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Two days out of rehab, my head killing me and my lead actor banging the door down, I picked my self esteem up off the floor and let him in. we shot the short in five long arduous hours only to find that I needed to reshoot it with someone else. Such is life as a writer director. Truth is, I love guerrilla filming. It takes resources that can only really be learnt having made many mistakes, a bag filled with regrets and hard drives full of films I’d never show anyone is the mark of a solid film maker. It’s always ‘onward and upward’. Learning, changing, adapting and evolving.

This Friday I’m shooting a short sixty second piece to submit to the festival. It’s a comedy about suicide, but then that’s how I like to transmute my own experiences, by laughing at them, using them as material, then filming them using a knock out cast. Whilst a budget is nice, it’s not necessary to make cinematic magic.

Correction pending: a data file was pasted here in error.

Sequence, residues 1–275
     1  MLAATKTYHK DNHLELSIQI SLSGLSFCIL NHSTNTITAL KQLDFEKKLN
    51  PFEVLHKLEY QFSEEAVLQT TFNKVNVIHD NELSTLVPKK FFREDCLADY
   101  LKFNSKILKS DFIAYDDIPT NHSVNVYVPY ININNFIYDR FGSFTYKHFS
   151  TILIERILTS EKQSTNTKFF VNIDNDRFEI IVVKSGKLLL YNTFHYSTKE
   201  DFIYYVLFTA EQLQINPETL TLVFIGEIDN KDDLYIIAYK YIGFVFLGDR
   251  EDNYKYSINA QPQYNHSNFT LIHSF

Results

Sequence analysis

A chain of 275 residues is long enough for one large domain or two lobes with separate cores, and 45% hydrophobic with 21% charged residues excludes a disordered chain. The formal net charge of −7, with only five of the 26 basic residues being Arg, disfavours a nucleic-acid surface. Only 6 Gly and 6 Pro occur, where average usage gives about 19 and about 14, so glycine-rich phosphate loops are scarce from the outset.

Today we shot a scene for ‘A Sister, Greatly’. It’s the comedy scene wherein Selene (the imaginary sister of schizophrenic Lilly) is busily sawing a body to bits in the bath much to Lilly’s distaste. At first I wanted to present a nice Dutch Angle for this shot but it was just too tight. In order to even get a clean shot of actress Anna Witchin we had to affix the camera to the bathroom wall with a wide angle lens attached. This meant filming blind, then watching playback to get an idea of whether or not we’d hit the mark.

Meanwhile, Will the spark stood on the side of the bath and hand held tungsten aimed down at the tiles to reflect light back onto Anna as she saws, she was utterly knackered by the end of filming, her shoulder was killing her but she soldiered on like a pro. At the same time, Aimee, our production assistant lay in the bath squirting blood up onto Anna’s surgical gown. All this time, I’m desperately trying to balance on the back side of the bath facing Anna and hoping I don’t fall onto Aimee as she squirts fake blood via a pipette.